A federal grant is making it possible for a Fort Valley State University scientist to conduct technologically advanced research designed to enhance meat and milk production in goats.
Dr. Mahipal Singh, a FVSU associate professor of animal biotechnology, recently received a $100,000 grant as part of the U.S. Department of Agriculture’s (USDA) 1890 Faculty Research Fellowship award program.
The program, part of USDA’s Agricultural Research Service (ARS), allows scientists from 1890 Land-Grant universities like FVSU, to work with USDA-ARS scientists on various research projects concerning plants and animals at USDA research facilities.
Singh’s research focus is the enhancement of goat meat and milk production by working with their genomes (DNA) and embryos. Singh also hopes to develop goats that are free of allergens harmful to humans and mastitis (infections) which affects goats’ ability to produce milk.
Moreover, small farmers in the future may also benefit from Singh’s work. He projects that the research results may produce genetically modified animals, and once they are tested for mastitis and the milk is determined to be allergen free, the animals will be bred and hopefully produce a large population.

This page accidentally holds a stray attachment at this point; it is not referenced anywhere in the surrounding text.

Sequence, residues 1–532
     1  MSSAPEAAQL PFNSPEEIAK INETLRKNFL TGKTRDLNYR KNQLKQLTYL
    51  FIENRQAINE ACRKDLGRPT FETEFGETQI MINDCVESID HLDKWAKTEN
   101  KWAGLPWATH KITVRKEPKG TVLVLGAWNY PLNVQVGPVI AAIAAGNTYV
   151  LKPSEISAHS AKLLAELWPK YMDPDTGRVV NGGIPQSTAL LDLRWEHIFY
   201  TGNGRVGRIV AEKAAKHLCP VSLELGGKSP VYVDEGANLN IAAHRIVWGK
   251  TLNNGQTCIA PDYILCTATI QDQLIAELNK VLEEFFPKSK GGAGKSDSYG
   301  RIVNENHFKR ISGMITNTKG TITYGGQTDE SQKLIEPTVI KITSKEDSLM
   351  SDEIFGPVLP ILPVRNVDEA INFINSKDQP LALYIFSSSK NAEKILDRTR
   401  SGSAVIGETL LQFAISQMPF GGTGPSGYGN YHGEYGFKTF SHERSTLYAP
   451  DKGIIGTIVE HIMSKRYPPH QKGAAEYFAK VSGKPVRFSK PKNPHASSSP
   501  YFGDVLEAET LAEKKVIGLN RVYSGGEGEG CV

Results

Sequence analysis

“That population can be distributed to the farmers and the farmers can rear (raise) those animals,” Singh said.
The animal biotechnology professor will conduct some of his research at the Beltsville Agricultural Research Center (BARC), the USDA’s largest research facility, in Beltsville, Md.
Singh chose the BARC location to perform his research because of an earlier collaboration with Dr. David Donovan, senior molecular biologist at the facility.
In addition to working with goats, Singh said the research opportunity provided through the grant opens the door for FVSU to develop close relationships with the USDA, staff at the BARC and scientists on a global scale. Singh said those factors could also lead to collaboration on future research projects.
Singh also mentioned that FVSU has sufficient resources for goat research. He said once FVSU scientists get experience in modifying genomes and embryos, the university will be at the forefront of biotechnology research.
“We will not only attract the top scientists from the U.S., but also from Asia, Africa and countries from around the world,” Singh said.
For one year, funds from the grant will cover several expenses for Singh such as salary, travel, living accommodations and research supplies.
For more information about Dr. Mahipal Singh’s research, contact Singh at (478) 822-7042 or email firstname.lastname@example.org.